From the moment I got a review copy of Nightmare Forest: Dead Run in the mail, I was impressed. While it wasn’t the final copy, the cards in the game were printed professionally, the custom dice and counters looked amazing, and the manual was well-printed. I didn’t stop being impressed for the whole time I played it.
I’m a big fan of “medium-light” board games, with games like guillatine and bang! in the mix. Nightmare Forest: Dead Run is one of those games that you can learn in ten minutes, play in twenty, and play again, and again, and again.
This game in general reminded me of an old school side-scrolling game. Pick up a gun, kill the bad guys, find another gun, kill more bad guys etc. It’s fast paced, fun, and energetic.
Here’s the summary from the Kickstarter:
“While out enjoying an evening in the woods around the campfire with your friends, you notice a gentle breeze stirring the dead leaves that have fallen from the trees. With a building sense of dread, you have the unsettling feeling that those leaves aren’t the only dead things stirring in this forest. It’s a long way to the road and the safety of The City; your only chance at survival is to leave the camp… at a DEAD RUN!
Nightmare Forest: Dead Run is a card and dice take on side-scroller games like Rygar, Mario or Pitfall. You are camping in a forest with your friends as a critter-filled zombie infestation strikes in the darkness.
Blinded and frantic, you blaze your own trail. Will you be the lone survivor to get back to the car and make it out alive?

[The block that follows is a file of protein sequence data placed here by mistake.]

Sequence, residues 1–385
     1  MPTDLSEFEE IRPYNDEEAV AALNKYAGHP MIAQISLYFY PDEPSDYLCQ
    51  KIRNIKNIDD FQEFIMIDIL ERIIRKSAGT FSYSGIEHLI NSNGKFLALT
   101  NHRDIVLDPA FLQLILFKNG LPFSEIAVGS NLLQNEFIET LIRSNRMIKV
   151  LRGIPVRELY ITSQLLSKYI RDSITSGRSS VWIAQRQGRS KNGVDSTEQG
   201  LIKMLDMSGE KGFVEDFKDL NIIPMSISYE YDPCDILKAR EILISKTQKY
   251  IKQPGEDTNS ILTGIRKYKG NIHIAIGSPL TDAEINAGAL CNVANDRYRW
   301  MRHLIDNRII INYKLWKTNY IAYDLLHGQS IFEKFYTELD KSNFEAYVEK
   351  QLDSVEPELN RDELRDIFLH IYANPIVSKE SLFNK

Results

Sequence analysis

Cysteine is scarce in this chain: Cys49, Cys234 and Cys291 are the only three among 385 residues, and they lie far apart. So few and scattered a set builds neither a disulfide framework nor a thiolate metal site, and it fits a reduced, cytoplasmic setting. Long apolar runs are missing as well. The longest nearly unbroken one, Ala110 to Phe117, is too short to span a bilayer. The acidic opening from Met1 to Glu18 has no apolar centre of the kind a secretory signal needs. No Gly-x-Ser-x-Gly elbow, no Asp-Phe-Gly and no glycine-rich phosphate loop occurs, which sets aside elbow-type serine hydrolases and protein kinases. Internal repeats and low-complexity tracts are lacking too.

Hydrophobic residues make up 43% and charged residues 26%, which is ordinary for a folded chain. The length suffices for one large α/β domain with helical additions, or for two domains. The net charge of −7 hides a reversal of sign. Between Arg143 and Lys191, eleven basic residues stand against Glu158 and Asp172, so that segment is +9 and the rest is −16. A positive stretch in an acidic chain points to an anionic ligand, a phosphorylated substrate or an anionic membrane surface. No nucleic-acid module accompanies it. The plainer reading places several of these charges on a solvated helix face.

As the monsters grow ever-tougher, your decisions on when to push forward, when to utilize the little gear you can get your hands on, and when to use others as critter-bait will be the difference between success or being devoured in the Nightmare Forest.”
I had a lot of fun playing this game, with risk/reward situations galore, and some good ol’ fashioned friendly backstabbing. Being able to throw your gear at your comrades to slow them down was a fun and risky maneuver. While there is a fair amount of RNG, at no time did I feel it was un-fair.
While the zombie genre is a bit overdone these days, the artists involved managed to keep this fresh, using an animal theme that worked really well. Not only did it keep the game interesting, it led to some great situations, such as getting a half-used crossbow thrown at me, causing me to get tripped up by a zombie snail.
At this point, the Kickstarter has already reached it’s funding goal, but I reccommend backing the project anyway. There are some fun stretch goals, and for only $25, it’s a great game to pick up.